WASHINGTON — The Public Broadcasting System isn’t waiting around for the feds to decide whether cable companies will be forced to carry more than one signal per broadcaster in the digital future.
Org announced Thursday that it had received a grant of $200,000 from the John S. & James L. Knight Foundation to help fund planning of a new digital public affairs channel. Private grant is the first PBS has received for a programming initiative.
New project, dubbed “PBS Public Square,” would expand the pubcaster’s digital offerings, which already include “PBS You” and “PBS Kids.”
“This opportunity really expands our footprint and our commitment to public affairs,” Jacoba Atlas, senior veep of PBS programming, told Daily Variety. “We’re about treating our viewers as citizens, not consumers … and this new digital channel will help us do that even better.”
Idea is to create an electronic public square, a channel or programming product entirely devoted to local, national and global news and opinion. Some of PBS’ most popular shows –“The NewsHour With Jim Lehrer,” “Washington Week,” “Frontline,” “Frontline World” and “Now With Bill Moyers” — would air on the new channel in addition to original content.
Execs predict the channel could be up and running as early as January 2005.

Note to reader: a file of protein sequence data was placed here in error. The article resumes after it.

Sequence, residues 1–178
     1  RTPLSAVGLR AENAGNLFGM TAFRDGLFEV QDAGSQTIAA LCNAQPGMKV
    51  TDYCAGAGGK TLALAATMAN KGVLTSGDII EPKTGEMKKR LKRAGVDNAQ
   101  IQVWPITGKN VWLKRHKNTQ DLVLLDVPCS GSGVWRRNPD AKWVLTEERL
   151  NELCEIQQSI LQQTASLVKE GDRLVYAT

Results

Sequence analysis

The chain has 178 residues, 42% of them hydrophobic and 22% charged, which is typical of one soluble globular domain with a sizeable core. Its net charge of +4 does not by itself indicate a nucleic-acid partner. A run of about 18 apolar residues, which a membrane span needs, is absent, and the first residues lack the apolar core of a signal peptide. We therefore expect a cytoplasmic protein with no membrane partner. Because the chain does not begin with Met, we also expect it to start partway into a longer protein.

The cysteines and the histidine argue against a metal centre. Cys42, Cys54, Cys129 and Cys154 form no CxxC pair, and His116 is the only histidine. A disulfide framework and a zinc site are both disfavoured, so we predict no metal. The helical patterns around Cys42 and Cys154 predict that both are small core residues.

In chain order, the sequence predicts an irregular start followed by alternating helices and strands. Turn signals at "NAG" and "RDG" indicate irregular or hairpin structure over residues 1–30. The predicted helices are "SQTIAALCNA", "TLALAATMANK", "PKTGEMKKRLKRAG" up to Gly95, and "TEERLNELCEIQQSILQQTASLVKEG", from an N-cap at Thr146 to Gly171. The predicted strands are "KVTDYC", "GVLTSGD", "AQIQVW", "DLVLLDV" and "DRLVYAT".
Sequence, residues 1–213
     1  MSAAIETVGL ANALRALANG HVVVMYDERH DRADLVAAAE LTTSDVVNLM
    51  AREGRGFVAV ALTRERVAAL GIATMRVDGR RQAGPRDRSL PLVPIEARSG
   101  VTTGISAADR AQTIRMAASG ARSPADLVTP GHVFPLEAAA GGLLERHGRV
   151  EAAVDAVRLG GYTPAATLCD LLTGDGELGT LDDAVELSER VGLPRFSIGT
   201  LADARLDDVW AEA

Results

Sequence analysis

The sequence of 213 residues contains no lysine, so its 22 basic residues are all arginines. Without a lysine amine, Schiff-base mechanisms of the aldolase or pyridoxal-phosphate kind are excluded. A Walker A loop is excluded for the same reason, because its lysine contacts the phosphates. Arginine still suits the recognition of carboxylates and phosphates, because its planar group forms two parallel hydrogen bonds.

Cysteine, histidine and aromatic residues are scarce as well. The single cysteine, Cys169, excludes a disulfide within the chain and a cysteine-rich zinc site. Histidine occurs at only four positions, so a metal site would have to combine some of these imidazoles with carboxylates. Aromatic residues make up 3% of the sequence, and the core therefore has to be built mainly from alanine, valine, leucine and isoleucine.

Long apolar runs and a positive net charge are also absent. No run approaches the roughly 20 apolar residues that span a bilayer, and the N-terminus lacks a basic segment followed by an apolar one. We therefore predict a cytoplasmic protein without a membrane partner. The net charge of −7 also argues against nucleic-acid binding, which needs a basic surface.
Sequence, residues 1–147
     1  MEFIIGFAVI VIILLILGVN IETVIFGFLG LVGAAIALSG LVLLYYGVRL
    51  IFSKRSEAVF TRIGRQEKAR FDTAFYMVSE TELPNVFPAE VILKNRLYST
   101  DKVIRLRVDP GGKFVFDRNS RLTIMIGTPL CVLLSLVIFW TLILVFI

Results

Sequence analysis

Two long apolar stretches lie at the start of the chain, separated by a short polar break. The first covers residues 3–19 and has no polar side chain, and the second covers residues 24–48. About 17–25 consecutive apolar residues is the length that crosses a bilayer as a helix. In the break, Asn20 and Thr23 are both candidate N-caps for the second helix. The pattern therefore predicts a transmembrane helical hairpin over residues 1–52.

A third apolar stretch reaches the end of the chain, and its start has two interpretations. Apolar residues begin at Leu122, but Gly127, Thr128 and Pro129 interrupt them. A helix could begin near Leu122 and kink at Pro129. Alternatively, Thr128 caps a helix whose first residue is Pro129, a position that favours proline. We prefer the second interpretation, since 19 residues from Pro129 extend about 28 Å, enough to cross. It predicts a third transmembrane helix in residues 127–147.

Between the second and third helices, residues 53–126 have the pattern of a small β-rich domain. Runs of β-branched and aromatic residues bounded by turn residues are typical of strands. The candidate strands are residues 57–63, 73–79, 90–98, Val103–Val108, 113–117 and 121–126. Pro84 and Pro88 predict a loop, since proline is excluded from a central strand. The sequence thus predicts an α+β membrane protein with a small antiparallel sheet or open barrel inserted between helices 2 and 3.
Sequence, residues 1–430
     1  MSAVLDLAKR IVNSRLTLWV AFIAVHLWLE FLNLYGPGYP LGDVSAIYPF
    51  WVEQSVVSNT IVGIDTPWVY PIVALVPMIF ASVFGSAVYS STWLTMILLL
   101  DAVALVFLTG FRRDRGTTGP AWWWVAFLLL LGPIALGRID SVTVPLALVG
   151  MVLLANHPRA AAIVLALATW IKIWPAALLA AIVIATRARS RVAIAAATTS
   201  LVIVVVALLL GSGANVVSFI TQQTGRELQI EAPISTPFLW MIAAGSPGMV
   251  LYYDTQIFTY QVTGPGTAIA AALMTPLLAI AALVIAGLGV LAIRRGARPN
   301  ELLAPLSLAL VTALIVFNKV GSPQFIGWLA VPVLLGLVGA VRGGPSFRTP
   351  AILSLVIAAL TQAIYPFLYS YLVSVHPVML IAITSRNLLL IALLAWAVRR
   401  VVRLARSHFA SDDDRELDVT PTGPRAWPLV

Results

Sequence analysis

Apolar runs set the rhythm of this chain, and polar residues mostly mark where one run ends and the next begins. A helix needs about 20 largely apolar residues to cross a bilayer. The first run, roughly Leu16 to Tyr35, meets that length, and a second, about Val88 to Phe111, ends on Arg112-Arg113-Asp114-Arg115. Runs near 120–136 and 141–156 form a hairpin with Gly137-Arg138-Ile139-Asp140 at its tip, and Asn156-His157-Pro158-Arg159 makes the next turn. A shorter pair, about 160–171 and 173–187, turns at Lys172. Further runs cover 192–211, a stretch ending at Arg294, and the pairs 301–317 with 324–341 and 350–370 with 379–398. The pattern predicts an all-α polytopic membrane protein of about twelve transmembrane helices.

Despite PBS enthusiasm about the grant, $200,000 is small change for the launch of a new channel. Grant will fund only the brainstorming sessions necessary to come up with original content; PBS topper Pat Mitchell estimated establishing “PBS Public Square” will cost anywhere from $25 million to $100 million.
Org will have to work quickly to raise the cash needed to have the channel up and running by 2005.
“We will begin the fund-raising process right away,” Atlas said.
Such an investment in digital programming is consistent with PBS’ record and demonstrates the org’s confidence about the upcoming regulatory battle.
In the next few months, Federal Communications Commission officials likely will decide whether they will force cablers to carry more than one signal from broadcasters after the transition to digital TV is complete.
Public television has a huge stake in the decision, having raised more than $1 billion to underwrite its transition to digital (the majority from state governments). PBS and other public stations want the FCC to force cablers to carry multiple signals so they can justify the investment.
Some PBS stations have already negotiated initial deals with cablers –including Comcast, Time Warner Cable and Insight — to carry their digital programming. But those deals are good only through the end of the DTV transition and PBS would be thrilled to have the government rule in its favor.